• Johnson, Douglas H. , "The Insignificance of Statistical Significance Testing". The Journal of Wildlife Management, Vol. 63, No. 3. (Jul., 1999), pp. 763-772. [JSTOR]
  • Newman, Michael c. 2008. What Exactly are you Inferring? A Closer Look at Hypothesis Testing.", Environmental Toxicology and Chemistry, Vol. 27, 5,1013–1019.
  • Special Issue of the Journal of Socio-Economics, 2004 33(5)
    • Altman, Morris. 2004. “Statistical significance, path dependency, and the culture of journal publication.” pp. 651-663.
    • Berg, Nathan. 2004. “No-decision classification: an alternative to testing for statistical significance.” pp. 631-650.
    • Elliott, Graham, and Clive W.J. Granger. 2004. “Evaluating significance: comments on 'Size Matters'.” pp. 547-550.
    • Fidler, Fiona et al. 2004. “Statistical reform in medicine, psychology and ecology.” pp. 615-630.
    • Gigerenzer, Gerd. 2004. “Mindless statistics.” pp. 587-606.
    • Horowitz, Joel L. 2004. “Comments on "Size Matters". pp. 551-554.
    • Leamer, Edward E. 2004. “Are the roads red? Comments on "Size Matters". pp. 555-557.
    • Lunt, Peter. 2004. “The significance of the significance test controversy: comments on 'Size Matters'.” pp. 559-564.
    • O'Brien, Anthony Patrick. 2004. “Why is the standard error of regression so low using historical data?: Comments on 'size matters'.” pp. 565-570.
    • Thompson, Bruce. 2004. “The "significance" crisis in psychology and education.” pp. 607-613.
    • Thorbecke, Erik. 2004. “Economic and statistical significance: comments on 'Size Matters'.” pp. 571-575.
    • Wooldridge, Jeffrey M. 2004. “Statistical significance is okay, too: comment on 'Size Matters'.” pp. 577-579.
    • Zellner, Arnold. 2004. “To test or not to test and if so, how?: Comments on 'Size Matters'.” pp. 581-586.
    • Ziliak, Stephen T., and Deirdre N. McCloskey. 2004a. “Significance redux.” pp. 665-675.
    • Ziliak, Stephen T., and Deirdre N. McCloskey. 2004b. “Size matters: the standard error of regressions in the American Economic Review.” pp. 527-546.
  • Morrison, D.E., Henkel, R.E., 1970. The Significance Test Controversy: A Reader. Aldine, Chicago.
  • Goodman, S N. 1999. “Toward evidence-based medical statistics. 1: The P value fallacy.” Annals of Internal Medicine 130(12): 995-1004.
  • Koehnle, Thomas, Douglas Curran-Everett, and Dale J. Benos. 2005. “The proof is not in the P value.” Am J Physiol Regul Integr Comp Physiol 288(3): R777-778. [AJPREGU]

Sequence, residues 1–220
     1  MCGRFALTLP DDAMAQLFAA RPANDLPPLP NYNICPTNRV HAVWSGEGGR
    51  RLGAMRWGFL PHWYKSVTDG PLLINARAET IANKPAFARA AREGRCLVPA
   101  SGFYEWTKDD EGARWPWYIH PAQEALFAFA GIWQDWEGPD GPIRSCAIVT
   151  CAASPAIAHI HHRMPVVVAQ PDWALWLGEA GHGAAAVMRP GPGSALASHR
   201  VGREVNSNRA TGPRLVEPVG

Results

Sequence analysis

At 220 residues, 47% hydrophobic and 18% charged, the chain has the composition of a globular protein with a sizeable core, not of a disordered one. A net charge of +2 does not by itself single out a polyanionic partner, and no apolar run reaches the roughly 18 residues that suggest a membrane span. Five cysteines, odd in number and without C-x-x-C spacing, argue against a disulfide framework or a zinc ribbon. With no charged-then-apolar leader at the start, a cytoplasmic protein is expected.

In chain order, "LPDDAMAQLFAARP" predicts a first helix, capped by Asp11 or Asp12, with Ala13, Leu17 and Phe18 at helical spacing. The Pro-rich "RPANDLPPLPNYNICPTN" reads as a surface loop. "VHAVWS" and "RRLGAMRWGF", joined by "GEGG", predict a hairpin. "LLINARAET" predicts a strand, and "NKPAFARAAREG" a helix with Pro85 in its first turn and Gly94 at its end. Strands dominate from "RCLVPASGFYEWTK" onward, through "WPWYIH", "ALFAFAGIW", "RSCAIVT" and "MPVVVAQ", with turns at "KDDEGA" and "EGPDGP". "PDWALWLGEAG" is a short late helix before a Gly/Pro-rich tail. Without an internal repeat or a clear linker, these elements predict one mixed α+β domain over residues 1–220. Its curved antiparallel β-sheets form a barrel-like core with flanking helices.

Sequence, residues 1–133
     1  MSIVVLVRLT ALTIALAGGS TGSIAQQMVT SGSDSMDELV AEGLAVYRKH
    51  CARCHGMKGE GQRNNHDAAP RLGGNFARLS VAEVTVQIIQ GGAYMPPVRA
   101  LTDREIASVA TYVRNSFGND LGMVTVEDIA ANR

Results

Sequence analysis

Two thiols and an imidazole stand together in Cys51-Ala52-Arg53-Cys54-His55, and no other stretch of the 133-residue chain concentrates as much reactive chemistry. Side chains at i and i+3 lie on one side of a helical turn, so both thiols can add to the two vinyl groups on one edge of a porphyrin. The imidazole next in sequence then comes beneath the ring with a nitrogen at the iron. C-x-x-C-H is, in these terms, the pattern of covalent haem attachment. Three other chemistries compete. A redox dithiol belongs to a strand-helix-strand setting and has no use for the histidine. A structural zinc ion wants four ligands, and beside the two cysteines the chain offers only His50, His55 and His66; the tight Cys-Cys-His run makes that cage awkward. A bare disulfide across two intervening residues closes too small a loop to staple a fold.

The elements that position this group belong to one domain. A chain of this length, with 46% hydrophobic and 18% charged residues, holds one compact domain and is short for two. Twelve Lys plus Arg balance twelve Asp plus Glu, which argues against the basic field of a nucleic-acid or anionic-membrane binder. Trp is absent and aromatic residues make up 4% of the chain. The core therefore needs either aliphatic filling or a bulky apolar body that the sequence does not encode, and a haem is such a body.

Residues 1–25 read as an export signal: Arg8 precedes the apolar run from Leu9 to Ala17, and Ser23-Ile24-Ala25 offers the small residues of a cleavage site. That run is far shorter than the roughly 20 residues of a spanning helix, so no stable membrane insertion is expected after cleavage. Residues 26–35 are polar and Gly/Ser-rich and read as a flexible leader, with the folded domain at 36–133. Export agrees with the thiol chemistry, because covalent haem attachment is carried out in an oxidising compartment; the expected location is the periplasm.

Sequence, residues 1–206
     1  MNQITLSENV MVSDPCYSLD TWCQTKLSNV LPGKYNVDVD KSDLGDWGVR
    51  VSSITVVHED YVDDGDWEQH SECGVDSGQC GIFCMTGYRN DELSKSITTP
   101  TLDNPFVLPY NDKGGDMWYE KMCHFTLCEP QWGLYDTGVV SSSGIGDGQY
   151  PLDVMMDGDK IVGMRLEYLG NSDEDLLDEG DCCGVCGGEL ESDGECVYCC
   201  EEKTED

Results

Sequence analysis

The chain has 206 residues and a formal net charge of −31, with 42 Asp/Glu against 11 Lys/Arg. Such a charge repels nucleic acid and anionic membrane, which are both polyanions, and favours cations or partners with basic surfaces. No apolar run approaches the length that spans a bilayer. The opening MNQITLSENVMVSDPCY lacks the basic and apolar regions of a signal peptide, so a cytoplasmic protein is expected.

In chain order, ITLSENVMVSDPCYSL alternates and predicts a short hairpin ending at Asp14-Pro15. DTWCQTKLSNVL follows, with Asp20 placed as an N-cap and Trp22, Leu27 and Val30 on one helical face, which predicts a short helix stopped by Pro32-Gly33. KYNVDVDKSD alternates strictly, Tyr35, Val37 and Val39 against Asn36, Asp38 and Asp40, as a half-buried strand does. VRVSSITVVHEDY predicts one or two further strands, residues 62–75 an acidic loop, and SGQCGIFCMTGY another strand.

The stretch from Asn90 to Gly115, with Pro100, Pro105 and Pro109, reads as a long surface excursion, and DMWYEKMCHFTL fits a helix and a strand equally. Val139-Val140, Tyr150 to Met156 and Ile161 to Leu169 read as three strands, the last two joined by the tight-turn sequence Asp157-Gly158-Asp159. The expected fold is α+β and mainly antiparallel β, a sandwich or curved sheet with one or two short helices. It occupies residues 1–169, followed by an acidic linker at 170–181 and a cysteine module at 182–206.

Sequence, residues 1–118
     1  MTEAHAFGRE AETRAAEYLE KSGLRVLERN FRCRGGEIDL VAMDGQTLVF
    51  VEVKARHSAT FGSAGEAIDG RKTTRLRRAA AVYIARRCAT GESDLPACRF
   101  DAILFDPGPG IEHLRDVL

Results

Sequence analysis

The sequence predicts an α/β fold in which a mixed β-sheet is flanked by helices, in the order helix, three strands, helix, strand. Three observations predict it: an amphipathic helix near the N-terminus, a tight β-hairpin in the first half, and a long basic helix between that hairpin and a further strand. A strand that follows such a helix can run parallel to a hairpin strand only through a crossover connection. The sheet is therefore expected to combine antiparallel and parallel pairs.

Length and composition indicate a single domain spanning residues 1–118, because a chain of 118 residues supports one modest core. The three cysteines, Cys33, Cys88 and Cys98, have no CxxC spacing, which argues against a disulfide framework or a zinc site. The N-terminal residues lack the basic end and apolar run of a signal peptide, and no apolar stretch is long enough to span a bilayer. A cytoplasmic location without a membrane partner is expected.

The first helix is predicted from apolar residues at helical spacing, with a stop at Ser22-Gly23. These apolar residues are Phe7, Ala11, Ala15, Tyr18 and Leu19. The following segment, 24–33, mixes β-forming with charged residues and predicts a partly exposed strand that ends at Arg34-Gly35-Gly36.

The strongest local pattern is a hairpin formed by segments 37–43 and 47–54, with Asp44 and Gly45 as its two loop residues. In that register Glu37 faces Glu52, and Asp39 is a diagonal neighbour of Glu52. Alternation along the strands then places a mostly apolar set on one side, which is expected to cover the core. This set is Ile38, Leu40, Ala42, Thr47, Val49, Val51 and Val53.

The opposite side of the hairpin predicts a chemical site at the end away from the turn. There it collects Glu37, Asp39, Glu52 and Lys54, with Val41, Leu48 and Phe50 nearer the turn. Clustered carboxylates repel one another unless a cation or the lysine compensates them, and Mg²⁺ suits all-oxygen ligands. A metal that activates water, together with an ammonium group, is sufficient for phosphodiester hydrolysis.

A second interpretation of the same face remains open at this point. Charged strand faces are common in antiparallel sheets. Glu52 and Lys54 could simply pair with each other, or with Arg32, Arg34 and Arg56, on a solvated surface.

Advice, alternatives, publication policies
  • Cumming, Geoff. 2011. Understanding the New Statistics: Effect Sizes, Confidence Intervals, and Meta-analysis. 1st ed. Routledge Academic. [Book website]
  • Harlow. 1997. What If There Were No Significance Tests? Lawrence Erlbaum Assoc Inc.
  • Wilkinson, Leland and Task Force on Statistical Inference (APA Board of Scientific Affairs).1999. “Statistical methods in psychology journals: Guidelines and explanations.” American Psychologist. Vol. 54(8): 594-604. [ Ebsco Host]
  • Fidler, Fiona, Cumming Geoff, Burgman Mark, and Thomason Neil. 2004. “Statistical reform in medicine, psychology and ecology.” pp. 615-630. http://www.sciencedirect.com/science/article/B6W5H-4DW2T26-3/2/bccd93df196d8e12cae6c5e983ba8c67.
  • Thompson, Bruce. 1996. “Research news and Comment: AERA Editorial Policies Regarding Statistical Significance Testing: Three Suggested Reforms.” Educational Researcher 25(2): 26-30. http://edr.sagepub.com/cgi/content/abstract/25/2/26 (Accessed April 6, 2010).
  • Fidler, Fiona. 2012. From Statistical Significance to Effect Estimation. Methodological Change in Psychology, Medecine and Ecology. Psychology Pr.
To classify
  • Oakes MW. Statistical Inference: A commentary for the Social and Behavioural Sciences. New York: Wiley, 1986.
  • Schmidt FL. Statistical significance testing and cumulative knowledge in psychology: implications for training of researchers. Psych Methods 1: 115–29, 1996.
  • Curran-Everett D and Benos DJ. Guidelines for reporting statistics in journals published by the American Physiological Society. Am J Physiol Regul Integr Comp Physiol 287: R247–R249, 2004. [AJPREGU]
  • Curran-Everett D, Taylor S, and Kafadar K. Fundamental concepts in statistics: elucidation and illustration. J Appl Physiol 85: 775–786, 1998. [AJPREGU]
  • Gigerenzer G. The Empire of Chance: How Probability Changed Science and Everyday Life. New York: Cambridge Univ. Press, 1989.
The Earth Is Round (p < .05). Jacob Cohen Link
Comment by Mark Reid Link
What Cohen meant
Where good old-fashioned proof beats probability Link